The Long-Lost Friend in Der Readinger Adler

So The Long-Lost Friend is proceeding along, slowly but surely.  I’m delving into some of the particular incantations or recipes in the book, with the help of the Handwörterbuch des deutschen Aberglaubens, a massive ten-volume work on German traditions and superstitions.  M. and I hauled nine out of the ten out of a local library (“each one of these is as big as a dictionary, Dan!” “I know!  Isn’t it great?”), and I’m working my way through the entries on various herbs.  I might delve more into the other elements later – it’s really a wonderful and comprehensive resource on all manner of topics.

The other mini-project was going through Der Readinger Adler, a weekly Reading paper for 1819-1820, which I got on microcard.   The goal was to narrow down the potential date of publication of Der lange verborgene Freund –  the oldest known copies are supposedly of the second print, and the introduction is dated 1819 and not 1820.  I was hoping that Hohman, who my research is revealing as quite the self-publicist, would run ads for the book when it appeared.  I came up with absolutely no mentions.  Oddly enough, there were plenty of ads throughout this period for another of Hohman’s publications – the apocryphal Gospel of Nicodemus – and that publication even had subscribers, unlike Freund.   I’m left to wonder whether Hohman simply chose not to advertise it, or if the Adler wouldn’t run his ads.  I don’t think there’s any way of finding out.

I’ll keep you updated as I find more.

Published in: on January 28, 2010 at 10:29 pm  Comments (8)  

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8 CommentsLeave a comment

  1. This is just idle speculation, but based on a statement made in “The Red Church” (Bilardi, 2009) it may be that the book was finished in 1819 and then went through two quick printings in 1820 – presumably the first printing was small and sold quickly, which prompted a larger second printing. Again, that’s just idle speculation, I’ve no proof of it since no one’s come forward with a first edition copy to the best of my knowledge.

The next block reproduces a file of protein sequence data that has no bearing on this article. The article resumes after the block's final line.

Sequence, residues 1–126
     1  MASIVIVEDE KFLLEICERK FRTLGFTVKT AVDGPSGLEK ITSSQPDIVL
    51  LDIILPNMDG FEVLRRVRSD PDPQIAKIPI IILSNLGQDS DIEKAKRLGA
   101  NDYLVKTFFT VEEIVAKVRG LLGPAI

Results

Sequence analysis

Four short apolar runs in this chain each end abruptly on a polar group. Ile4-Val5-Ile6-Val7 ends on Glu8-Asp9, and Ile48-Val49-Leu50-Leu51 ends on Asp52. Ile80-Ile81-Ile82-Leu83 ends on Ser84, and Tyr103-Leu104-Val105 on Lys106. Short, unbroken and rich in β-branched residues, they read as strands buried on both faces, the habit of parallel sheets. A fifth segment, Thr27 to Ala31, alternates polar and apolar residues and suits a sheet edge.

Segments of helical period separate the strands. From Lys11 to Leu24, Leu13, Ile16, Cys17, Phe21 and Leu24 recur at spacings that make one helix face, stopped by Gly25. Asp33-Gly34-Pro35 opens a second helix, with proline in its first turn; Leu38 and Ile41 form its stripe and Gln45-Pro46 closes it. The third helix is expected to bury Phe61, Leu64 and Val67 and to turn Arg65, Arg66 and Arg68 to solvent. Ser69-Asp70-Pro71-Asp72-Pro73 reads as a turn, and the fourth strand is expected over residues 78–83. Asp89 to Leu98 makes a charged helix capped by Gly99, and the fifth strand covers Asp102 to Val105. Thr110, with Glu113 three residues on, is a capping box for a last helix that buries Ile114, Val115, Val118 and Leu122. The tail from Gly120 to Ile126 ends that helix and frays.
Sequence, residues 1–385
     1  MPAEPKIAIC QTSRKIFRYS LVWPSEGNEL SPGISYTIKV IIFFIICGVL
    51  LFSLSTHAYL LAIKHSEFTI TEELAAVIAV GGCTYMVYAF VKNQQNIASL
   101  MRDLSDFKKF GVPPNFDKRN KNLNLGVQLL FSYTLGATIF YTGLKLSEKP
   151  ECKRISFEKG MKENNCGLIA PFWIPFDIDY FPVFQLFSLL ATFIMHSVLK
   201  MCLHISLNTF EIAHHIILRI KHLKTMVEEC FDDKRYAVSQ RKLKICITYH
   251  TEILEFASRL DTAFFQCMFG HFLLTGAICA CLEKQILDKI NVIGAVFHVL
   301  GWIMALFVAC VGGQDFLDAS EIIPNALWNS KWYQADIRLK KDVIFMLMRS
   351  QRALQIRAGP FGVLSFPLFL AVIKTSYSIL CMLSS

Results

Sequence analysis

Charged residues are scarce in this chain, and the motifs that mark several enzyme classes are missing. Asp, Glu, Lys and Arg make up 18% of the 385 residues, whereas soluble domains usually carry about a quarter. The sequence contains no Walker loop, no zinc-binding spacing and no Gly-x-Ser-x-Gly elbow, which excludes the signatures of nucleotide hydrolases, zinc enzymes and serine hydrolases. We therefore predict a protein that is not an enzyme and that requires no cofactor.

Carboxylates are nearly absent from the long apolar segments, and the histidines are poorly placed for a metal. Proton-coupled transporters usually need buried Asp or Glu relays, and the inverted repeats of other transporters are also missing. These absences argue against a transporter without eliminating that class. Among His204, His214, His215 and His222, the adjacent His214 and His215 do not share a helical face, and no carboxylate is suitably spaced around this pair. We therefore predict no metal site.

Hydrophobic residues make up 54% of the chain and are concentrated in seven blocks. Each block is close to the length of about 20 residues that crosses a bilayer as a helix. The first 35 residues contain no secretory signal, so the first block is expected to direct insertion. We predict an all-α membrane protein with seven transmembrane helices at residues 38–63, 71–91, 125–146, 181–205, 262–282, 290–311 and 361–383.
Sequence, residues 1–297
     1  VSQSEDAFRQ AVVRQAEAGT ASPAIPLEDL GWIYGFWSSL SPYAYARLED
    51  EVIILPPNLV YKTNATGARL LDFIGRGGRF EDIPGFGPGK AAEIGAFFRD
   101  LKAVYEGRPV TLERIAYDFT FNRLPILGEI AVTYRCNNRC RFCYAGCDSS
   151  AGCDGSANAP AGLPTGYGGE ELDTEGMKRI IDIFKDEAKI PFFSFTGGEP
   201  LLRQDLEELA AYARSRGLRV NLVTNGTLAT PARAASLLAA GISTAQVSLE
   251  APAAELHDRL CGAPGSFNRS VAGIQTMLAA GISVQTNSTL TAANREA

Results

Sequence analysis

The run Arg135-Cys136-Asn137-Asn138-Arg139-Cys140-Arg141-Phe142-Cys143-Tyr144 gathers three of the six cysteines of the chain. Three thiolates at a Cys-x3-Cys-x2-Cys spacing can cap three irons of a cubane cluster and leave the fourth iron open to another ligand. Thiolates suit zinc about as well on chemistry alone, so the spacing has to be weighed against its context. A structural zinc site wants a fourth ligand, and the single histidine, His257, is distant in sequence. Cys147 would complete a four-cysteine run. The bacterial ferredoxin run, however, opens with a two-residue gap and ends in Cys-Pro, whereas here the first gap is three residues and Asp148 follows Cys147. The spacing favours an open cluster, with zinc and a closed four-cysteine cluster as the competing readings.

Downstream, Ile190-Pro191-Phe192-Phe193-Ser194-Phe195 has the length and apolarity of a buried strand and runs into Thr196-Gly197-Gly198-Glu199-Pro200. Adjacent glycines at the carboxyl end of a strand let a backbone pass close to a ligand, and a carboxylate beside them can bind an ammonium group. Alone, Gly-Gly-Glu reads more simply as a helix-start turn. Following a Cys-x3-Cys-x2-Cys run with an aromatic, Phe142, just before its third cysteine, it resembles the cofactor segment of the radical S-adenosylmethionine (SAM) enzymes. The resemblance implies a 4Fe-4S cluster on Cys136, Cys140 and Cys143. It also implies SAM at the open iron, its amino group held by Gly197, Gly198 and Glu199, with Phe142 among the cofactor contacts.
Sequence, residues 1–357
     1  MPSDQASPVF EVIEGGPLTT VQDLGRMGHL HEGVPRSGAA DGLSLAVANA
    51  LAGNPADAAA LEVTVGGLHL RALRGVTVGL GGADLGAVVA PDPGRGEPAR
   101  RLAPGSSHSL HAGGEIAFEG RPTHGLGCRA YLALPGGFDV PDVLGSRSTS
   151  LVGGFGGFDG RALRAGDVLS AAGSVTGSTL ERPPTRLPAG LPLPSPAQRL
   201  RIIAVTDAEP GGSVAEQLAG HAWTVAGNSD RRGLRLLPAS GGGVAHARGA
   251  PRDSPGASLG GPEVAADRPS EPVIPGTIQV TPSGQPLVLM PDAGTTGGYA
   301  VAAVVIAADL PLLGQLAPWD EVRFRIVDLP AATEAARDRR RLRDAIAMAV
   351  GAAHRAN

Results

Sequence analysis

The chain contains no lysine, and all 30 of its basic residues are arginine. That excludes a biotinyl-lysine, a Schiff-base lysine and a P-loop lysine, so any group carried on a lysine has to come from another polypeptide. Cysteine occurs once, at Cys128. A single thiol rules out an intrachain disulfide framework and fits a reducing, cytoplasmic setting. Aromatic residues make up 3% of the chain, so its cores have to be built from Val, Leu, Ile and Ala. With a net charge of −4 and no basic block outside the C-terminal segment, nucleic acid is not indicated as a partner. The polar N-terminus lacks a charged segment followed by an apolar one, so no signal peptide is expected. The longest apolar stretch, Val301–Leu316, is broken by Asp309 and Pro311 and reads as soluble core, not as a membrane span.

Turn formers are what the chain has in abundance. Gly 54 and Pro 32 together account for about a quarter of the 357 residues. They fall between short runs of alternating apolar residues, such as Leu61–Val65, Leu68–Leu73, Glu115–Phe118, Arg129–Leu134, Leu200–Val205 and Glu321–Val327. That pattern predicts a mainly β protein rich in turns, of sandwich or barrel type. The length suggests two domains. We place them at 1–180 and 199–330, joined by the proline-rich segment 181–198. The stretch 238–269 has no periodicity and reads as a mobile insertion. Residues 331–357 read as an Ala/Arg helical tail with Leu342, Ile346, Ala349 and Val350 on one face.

2. Hi Dan

    Do you know “The Journal of American Folklore Vol. XVII. —APRIL-JUNE, 1904.— No. LXV.”pp 89-152? There you can find a very good essay on the “friend” with an annotated reprint of the 1863 edition. It should be on archive.org.

    By the way the “Handwörterbuch des Deutschen Aberglaubens” is brilliant and it stands on my shelf for 15 years.

    R.

  3. Wow. Great find. Googlebooks has it too.

  4. “Handwörterbuch des Deutschen Aberglaubens” — I have to read this. Btw — I’m the C R Bilardi who wrote The Red Church.

    • Hello, Mr. Bilardi! I do have the Red Church, and I was going to make a quick comment about it later. I highly recommend the Handwörterbuch – it’s a wonderful resource – though I should warn you it’s ten thick volumes.

  5. Yes, I just looked it up and it’s huge. Let me know if you have any questions regarding The Red Church.

  6. Dess iss eppes. Ya gewiss. Machs guud.

  7. Hello,
    Have you by chance checked Carl Bruckman’s Readinger Postbothe und Berks, Schuykill und Montgomery Caunties Adverteiser, for Hohman ads? The newspaper was a weekly, running from 1816-23. As Bruckman was involved with Hohman’s books, his newspaper would be a likely source for advertisements.


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